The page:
With Kingsley Coman, Arjen Robben, Thiago Alcantara, Corentin Tolisso and (of course) Manuel Neuer sidelined, he decided to leave Franck Ribery, Javi Martinez, Robert Lewandowski and Jerome Boateng on the bench. That's the imbalance in the Bundesliga right now. That, and a sterling performance from Leipzig who pressed high and pressed aggressively led by an on-fire Naby Keita, is what prompted Bayern's defeat.
Salah just keeps scoring
Mohamed Salah was close to unplayable against Watford, notching four goals to take his league total to 28 (and 36 overall) and assisting on the other. That means he has scored one fewer goal for Liverpool in three-quarters of a season in the Premier League than he did in two successful campaigns in Serie A at Roma.
Two points to make here. The first is that comparing leagues is difficult and, in some ways, pointless. It doesn't mean that it's twice as difficult to score in Serie A but equally, maybe folks shouldn't be so quick to make it seem as if the Premier League is so far ahead of everybody else and that you're a soccer nobody unless you're "Premier League-proven."
The other is that Salah's scoring is a function of many factors. Among them, to varying degrees, randomness, personal improvement (that rare right-footed finish was something to behold), playing for a more attacking side -- not so much in terms of goals scored: Liverpool are on pace for 90, which is exactly what Roma scored last season, but in terms of chances created -- and perhaps most important, not having a big, prolific target man like Edin Dzeko up front.
Juve couldn't break SPAL down
Games like the one against relegation-threatened SPAL are why Max Allegri spent some $80 million over the summer on Federico Bernardeschi and Douglas Costa. Pacy, creative wingers were supposedly the key to unpick tight defences. It didn't work out that way in Saturday's 0-0 draw, and not just because both were unavailable. The fact is: Juve haven't been able to be the proactive, creative side Allegri would like them to be, more often keeping it tight and waiting for something to happen at the other end.
The fact that nothing -- not an opposing mistake, not a moment of genius from Paulo Dybala or Gonzalo Higuain -- bailed them out was also down to a raucous home crowd and a brilliant, park-the-bus-with-intensity performance from SPAL, who managed just three shots on goal, with none of them on target and all of them from distance.
It's not a tragedy -- after all, Juve and won 12 in a row and were due a day like this -- but it does mean the gap is down to two points. That head-to-head clash with Napoli on April 22 is looming ever larger.
PSG show surprising spirit at Nice
Paris Saint-Germain's march to the title continued with a 2-1 victory away to Nice. It could have easily finished a draw -- Alphonse Areola had to make some big saves and Mario Balotelli hit the woodwork -- but what matters here is the way PSG reacted after going behind, because there were plenty of reasons for Unai Emery's stars to begin mailing it in.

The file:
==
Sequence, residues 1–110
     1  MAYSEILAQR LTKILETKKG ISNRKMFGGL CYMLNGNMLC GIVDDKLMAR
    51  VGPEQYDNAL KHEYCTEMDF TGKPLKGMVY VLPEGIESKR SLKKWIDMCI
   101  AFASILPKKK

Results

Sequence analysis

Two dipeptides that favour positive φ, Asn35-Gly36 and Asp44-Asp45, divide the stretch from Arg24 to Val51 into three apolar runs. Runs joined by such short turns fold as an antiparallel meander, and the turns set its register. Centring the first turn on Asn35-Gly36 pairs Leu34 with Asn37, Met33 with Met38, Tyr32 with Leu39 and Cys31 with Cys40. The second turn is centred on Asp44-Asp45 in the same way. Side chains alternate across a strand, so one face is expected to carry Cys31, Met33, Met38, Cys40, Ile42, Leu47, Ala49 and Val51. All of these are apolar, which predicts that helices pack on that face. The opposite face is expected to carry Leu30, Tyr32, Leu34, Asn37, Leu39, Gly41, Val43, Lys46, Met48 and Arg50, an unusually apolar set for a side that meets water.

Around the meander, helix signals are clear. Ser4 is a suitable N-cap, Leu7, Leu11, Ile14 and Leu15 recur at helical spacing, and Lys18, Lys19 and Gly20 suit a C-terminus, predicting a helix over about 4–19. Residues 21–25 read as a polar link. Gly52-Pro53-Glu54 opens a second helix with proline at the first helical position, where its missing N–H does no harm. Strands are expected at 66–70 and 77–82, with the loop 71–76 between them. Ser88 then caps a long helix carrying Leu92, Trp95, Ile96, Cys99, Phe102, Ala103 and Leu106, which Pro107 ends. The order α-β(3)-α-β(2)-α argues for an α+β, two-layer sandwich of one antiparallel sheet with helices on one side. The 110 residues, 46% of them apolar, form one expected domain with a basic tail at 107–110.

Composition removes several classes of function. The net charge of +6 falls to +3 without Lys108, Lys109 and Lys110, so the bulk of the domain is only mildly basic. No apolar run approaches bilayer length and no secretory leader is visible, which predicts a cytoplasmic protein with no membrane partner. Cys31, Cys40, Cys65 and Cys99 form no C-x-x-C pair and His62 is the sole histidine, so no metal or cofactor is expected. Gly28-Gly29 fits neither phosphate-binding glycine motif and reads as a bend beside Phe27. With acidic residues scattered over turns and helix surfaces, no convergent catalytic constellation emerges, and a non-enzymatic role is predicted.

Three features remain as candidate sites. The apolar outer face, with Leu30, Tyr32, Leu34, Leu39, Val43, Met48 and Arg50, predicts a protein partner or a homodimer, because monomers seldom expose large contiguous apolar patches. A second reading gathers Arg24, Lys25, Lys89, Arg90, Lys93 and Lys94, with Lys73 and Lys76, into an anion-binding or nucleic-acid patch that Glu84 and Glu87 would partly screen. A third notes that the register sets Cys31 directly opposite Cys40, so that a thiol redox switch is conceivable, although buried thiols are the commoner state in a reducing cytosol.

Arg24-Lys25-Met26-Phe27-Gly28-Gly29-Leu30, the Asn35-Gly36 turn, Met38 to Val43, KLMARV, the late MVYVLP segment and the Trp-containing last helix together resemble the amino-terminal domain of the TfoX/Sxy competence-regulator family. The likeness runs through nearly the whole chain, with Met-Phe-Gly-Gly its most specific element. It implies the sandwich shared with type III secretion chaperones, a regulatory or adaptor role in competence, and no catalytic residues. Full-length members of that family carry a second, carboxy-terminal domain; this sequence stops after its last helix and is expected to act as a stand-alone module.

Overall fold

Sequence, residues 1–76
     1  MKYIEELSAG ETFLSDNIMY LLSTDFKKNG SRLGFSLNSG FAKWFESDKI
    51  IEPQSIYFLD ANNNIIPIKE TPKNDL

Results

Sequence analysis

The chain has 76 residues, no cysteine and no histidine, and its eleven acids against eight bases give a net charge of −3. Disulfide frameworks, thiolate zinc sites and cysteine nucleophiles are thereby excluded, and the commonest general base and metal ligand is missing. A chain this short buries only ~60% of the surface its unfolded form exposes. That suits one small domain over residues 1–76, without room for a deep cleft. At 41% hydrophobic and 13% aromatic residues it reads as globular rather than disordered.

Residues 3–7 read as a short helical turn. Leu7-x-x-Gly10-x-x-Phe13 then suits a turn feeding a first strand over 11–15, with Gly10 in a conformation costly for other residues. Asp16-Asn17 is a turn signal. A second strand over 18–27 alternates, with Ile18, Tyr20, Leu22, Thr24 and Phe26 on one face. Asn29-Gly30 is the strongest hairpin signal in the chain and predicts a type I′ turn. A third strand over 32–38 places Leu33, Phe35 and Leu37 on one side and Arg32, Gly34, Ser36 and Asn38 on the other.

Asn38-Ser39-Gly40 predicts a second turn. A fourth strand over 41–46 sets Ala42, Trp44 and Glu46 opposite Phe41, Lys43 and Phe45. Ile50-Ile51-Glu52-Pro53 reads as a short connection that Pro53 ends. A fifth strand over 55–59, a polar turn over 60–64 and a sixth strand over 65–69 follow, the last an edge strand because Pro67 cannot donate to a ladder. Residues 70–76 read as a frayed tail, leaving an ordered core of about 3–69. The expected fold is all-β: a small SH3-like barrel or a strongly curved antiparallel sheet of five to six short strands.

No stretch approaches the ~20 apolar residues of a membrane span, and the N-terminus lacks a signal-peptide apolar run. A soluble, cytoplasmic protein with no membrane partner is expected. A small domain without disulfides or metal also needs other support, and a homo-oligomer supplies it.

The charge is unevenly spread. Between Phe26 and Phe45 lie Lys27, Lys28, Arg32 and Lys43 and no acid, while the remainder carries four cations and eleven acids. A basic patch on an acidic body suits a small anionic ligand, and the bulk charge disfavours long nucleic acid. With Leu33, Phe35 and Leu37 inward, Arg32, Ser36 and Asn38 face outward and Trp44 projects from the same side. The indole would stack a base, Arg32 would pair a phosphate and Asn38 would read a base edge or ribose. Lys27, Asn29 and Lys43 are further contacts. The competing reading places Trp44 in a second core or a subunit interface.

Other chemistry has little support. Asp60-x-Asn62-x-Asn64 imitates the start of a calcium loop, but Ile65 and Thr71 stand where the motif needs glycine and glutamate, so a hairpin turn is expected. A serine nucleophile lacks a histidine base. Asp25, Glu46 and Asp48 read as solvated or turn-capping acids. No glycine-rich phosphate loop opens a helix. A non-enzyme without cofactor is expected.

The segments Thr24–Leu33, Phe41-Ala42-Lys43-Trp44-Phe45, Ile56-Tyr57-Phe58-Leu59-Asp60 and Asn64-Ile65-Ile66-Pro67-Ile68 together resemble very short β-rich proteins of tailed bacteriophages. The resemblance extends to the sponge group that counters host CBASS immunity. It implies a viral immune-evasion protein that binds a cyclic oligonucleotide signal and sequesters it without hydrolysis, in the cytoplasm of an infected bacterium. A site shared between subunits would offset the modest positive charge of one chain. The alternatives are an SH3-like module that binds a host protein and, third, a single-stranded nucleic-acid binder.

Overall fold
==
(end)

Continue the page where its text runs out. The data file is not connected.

PSG are out of the Champions League, they have a massive domestic lead, many of these guys will want to save themselves for the World Cup, Emery may or may not be back next year and Neymar is rehabbing back in Brazil. (Incidentally, doubts were cast over his future too.)
But there are two domestic trophies left to play for, starting with the Coupe de Ligue final against Monaco after the international break, and it's important that the crew don't go into World Cup prep mode just yet. Whatever doubts some may have over Emery, he hasn't allowed it to happen.
Eriksen is perfect for Tottenham
A while back I spoke to someone who worked with Christian Eriksen for a number of years in the Danish national team. He told me how Eriksen, while easily his country's most talented players since the Laudrup brothers Brian and Michael, regularly tested near the bottom in most athletic drills. He lacked strength, stamina and acceleration.
Watching him now, he told me, Eriksen looks like a different player. But if you look more closely, he added, he hasn't suddenly turned into a great athlete. He's simply smarter about the way he moves.
I thought about this while watching Tottenham's 3-0 win over Swansea. The way Eriksen covers ground and operates in Mauricio Pochettino's system is picture-perfect. There simply is no wasted energy, and he squeezes every last drop that he can out of his body. He has also quite clearly grown in terms of personality and mental toughness, although his tactical intelligence is what sets him apart. And that's a credit to Pochettino's staff.
Barcelona are good at hitting the woodwork
Barcelona only really played for 45 minutes against Athletic Bilbao but frankly, it's not their fault: that was all that was needed against Ernesto Valverde's old club. Goals from Lionel Messi and Paco Alcacer wrapped things up early, and they hit the woodwork three times.
Incidentally, Barcelona have now hit the post or crossbar a whopping 29 times in La Liga: that's more than seven different clubs have scored goals. Messi himself has hit the woodwork 16 times, which makes his 35 goals in 43 appearances all the more remarkable.